15 15 Center Line, p bar Upper Control Limit, UCL p Lower Control Limit, LCL p Fraction defective, p Center line, CL = Average of Sample proportion, For 3-Sigma* limits, p UCL = + 3p p(1- )p n p p p n LCL = - 3 Sigma* = sigma of sampling distribution

16 16 Upper Control Limit, UCL c Lower Control Limit, LCL c Center Line, c bar Number of defective, c Center line, CL = Average number of characteristics, For 3-Sigma* limits, c UCL = + 3 cc LCL = - 3 cc Sigma* = sigma of sampling distribution

17 17

18 18 To get Estimated process parameters : 1) How do we know the estimators are good enough? 2) How many samples should we need, and How many groups of them? 3) What factors do we consider? XpcR Let’s discuss this !!

19 19 Sampling Basis: Concept of Rational sampling Homogenous items (Within-Groups and Among-Groups variations) Time-order Consecutive items Time-order Distributed items Sample Size: -- The most common “n” is 5 -- Large enough “n” to detect a defect count XR pc

20 20 Sampling Frequency Depends on the nature of process and Opportunity of assignable variation exposure Initial Number of Samples, m To make sure that we are observing a stable process, practically 20, or 30, 40 of “m” should be located within Control Limits.

21 21 Easiness Efforts Costs Usefulness Value of obtained information Company image Then, which one we select, and Why So?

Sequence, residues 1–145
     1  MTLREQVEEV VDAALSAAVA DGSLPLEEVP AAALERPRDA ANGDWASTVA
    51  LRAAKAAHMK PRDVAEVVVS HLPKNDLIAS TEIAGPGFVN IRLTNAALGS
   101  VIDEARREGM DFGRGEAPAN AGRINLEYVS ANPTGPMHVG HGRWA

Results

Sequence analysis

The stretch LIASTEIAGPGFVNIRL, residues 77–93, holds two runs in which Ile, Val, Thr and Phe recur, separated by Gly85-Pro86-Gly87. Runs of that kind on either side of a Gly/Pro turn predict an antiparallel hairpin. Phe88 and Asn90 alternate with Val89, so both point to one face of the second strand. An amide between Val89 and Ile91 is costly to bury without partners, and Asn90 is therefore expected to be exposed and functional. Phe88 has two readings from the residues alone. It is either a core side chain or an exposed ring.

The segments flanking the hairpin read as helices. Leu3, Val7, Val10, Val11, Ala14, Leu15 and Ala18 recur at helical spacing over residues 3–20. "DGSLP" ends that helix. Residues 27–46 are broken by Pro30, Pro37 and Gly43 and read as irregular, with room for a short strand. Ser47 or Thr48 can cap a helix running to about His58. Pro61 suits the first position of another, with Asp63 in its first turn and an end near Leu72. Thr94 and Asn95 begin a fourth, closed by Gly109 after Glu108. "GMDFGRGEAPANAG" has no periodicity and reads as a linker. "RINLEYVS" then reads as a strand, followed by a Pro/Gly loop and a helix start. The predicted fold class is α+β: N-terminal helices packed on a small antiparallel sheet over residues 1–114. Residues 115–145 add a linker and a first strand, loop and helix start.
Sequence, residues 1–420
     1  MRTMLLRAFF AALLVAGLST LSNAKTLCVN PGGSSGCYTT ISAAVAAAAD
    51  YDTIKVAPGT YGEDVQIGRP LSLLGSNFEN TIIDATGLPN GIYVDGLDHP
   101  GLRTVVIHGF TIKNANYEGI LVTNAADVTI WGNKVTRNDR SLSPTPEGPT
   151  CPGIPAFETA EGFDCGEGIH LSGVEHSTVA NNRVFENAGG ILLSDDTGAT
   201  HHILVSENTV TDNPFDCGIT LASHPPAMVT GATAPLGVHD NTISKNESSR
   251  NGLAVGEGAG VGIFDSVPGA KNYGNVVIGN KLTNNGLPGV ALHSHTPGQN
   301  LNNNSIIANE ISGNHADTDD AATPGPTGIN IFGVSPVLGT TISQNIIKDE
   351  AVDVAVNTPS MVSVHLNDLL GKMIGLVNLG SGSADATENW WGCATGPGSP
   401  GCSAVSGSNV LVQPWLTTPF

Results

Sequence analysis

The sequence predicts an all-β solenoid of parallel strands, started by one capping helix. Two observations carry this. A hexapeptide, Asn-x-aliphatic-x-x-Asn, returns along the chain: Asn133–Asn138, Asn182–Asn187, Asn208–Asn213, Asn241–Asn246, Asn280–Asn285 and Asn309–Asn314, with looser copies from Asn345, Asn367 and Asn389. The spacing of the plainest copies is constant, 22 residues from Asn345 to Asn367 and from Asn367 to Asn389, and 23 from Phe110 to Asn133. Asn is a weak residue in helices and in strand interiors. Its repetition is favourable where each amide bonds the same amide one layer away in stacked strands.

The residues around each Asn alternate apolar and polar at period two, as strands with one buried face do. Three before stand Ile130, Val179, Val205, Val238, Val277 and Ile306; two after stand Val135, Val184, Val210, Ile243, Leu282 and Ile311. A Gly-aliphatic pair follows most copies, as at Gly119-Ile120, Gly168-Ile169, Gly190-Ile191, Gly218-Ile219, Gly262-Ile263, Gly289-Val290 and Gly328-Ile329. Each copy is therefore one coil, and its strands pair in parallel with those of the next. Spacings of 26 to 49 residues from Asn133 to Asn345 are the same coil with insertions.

22 22 A point lies outside the control limits Any 2 of 3 consecutive points fall in the same A zone 4 out of 5 consecutive points fall in the same B zone 8 or more consecutive points lie on the same side of CL 8 or more consecutive points move continuously in the same direction either upward or downward UCL (3 Sigma*) LCL (3 Sigma*) CL Parameter Sigma* = sigma of sampling distribution Zone B Zone A 2 Sigma* 1 Sigma*

23 23 Definition of a Stable Process Uses of Control Charts Variable Charts Attributes Charts Control Chart Restructuring: Why & When? Pre-Control Process Capability Study Process Improvement

24 24 GREEN ZONE USL LSL Target, CL X Red Zone Yellow Zone Initial Set-up: All 5 consecutive items must fall in Green zone Periodically check: 2 items at a time

25 25 To See No. 10 Quiz !?!

26 26 Run Diagram VS Control Charts Specifications VS Control Limits Customer spec. Design spec. Detection VS Prevention Approach Points of control Rapid feedback system “Quality cannot be inspected into products” Value of information?

27 27 Inspection and Measurement errors Human Error Instrument Error: Standard & Calibration Management & Shop-floor Responsibility

28 28 In Control Capable Out of Control Not Capable IDEAL

29 29 Conformity of outputs Process Capability Index The range over which the natural variation of a process occurs as determined by the system of common causes, i.e., “what the process can achieve under stable conditions” Quality Assurance and Acceptance Sampling A method of measuring random samples of lots or batches of products against predetermined standards Risks of Error: Producer’s Risk VS Consumer’s Risk

30 30 Techniques Failure Mode and Effects Analysis (FMEA) Identification of all the ways in which a failure can occur, its effect and seriousness estimation as well as corrective actions recommendation Experimental Design or Design of Experiments (DOE) Further study on Multi-Analysis of Variance (MANOVA) Taguchi Loss Function Tolerance Design: The larger deviation from target the increasingly larger losses incurred from variation allowed

31 31 Management Frameworks Feigenbaum: SPC & Total Quality Control Deming and Total Quality Management (TQM) ISO 9000 Six Sigma: Commitment of 3.4 ppm defect SPC TQC CWQC TQM